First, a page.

Client Negotiation: ‘Professionals negotiate. Fools discount.’
It’s a shiny April morning, when I came to meet my interviewee – Ms. Mai Anh, activation manager of Masso Communication. With ten years of working in communication industry, she has many experiences in negotiating with both foreign and Vietnamese clients. Being asked to use one word to describe negotiation, she smiled ‘It is Art’.
Some people may find negotiation is not a tough thing to manage but for the others, it might be the ‘game’ that you’re reluctant to play and the reasons could be the fear of losing face or lacking of communication skills. However, no matter what the reasons are and how you scared, negotiation is unavoidable. Ms. Mai Anh told me that, in each 20 clients that she had worked with, negotiation happened with 19 of them; or in the recent article in Advertising Age (Webmaster 2012), ‘52% of marketers will ask agencies to lower their internal costs’. Thus, the sooner the better, you need to get yourself familiar with negotiation (Jimenez 2012).
Some agencies are so obsessed with the idea of keeping clients at any price, even by lowering their profit and giving discount. Agreement in doing the same work with less money is not negotiation, it’s discount and for me, discount is not a smart choice. It’s just the evidence showing that you did not dare to truly negotiate, to protect your work and your company (Newbusinessshawk 2011). ‘It’s not only about profit but also you and your agency’s reputation that you must think about before giving any discount,’ said Mai Anh. To let you understand more about her point, I will give you three reasons why agencies should not discount.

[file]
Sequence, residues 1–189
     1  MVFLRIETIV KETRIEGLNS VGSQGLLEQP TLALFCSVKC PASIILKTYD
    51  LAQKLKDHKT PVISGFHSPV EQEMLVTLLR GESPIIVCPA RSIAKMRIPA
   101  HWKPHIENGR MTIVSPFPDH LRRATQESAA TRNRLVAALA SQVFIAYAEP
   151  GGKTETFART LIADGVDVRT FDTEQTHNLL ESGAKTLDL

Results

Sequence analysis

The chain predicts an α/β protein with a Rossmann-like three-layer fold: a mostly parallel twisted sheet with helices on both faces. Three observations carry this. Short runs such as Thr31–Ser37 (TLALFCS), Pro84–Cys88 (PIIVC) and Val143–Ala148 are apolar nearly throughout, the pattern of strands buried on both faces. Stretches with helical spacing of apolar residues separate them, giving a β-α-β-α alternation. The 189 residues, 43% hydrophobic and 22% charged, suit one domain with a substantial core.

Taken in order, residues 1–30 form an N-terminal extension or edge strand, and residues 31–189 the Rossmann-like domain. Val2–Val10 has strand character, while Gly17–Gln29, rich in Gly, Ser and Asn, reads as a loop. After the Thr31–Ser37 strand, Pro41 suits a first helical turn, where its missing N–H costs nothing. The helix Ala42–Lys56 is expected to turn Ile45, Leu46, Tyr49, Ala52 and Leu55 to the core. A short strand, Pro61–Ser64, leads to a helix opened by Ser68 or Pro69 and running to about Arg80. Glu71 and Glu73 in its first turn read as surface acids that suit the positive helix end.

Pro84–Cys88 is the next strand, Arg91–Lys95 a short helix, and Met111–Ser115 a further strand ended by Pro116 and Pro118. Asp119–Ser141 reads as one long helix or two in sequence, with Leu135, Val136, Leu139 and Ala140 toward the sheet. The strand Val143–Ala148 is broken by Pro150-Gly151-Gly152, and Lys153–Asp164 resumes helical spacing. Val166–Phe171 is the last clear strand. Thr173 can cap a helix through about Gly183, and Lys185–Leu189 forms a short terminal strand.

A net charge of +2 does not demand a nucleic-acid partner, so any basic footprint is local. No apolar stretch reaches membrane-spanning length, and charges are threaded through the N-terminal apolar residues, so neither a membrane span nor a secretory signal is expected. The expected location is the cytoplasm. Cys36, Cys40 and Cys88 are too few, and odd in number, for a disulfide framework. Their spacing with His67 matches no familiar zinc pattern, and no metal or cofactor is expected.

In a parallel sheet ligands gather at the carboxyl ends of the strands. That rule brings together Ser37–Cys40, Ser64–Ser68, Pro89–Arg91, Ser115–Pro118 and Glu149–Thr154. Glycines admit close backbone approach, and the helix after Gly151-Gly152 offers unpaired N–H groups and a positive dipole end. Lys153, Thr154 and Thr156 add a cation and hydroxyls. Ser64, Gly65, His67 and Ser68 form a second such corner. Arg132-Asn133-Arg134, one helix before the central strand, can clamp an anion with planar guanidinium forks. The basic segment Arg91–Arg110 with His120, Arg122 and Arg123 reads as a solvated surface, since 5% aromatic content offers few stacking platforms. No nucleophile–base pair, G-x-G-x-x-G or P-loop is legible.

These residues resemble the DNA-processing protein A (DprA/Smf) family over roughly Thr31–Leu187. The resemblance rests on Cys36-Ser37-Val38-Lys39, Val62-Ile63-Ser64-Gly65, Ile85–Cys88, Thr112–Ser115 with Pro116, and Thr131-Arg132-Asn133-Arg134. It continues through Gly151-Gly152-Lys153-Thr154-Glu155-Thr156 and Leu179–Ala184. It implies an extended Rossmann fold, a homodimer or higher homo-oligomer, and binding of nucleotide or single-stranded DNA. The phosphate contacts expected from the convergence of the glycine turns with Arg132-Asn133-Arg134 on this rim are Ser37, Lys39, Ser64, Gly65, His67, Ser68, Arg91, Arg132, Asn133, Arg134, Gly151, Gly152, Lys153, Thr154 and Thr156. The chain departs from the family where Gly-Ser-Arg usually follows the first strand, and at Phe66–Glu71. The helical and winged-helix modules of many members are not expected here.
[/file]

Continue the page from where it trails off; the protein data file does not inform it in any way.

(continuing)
What is coming after discount? It’s ‘business killer’ (Gregory 2009). You may think that by lowering your rates (or Mai Anh calls it’s ‘margin’), you can keep clients and defeat your competitors. However, the fact is that undercharging or discount is the signals from you to your clients saying that your work is not important and they will expect the same thing happens in the future. How can you get out of that situation? Remember that there is always someone out there, who willing to charge less than you because his work is not good. Will you chase after them and end up working for free?
You might lose your motivation. ‘I have good news and bad news here’, Mai Anh explained this point to me with an example, ‘Good news is clients has accepted our proposal, and bad news is we will earn half of the normal salary this month to cover the discount. Will you still happy and feel inspired to work with 100% energy?’. Of course not, I could endure it one or two times, but more than that is totally a depression. ‘Work smarter, not harder’, you should respect yourself and get what you deserve.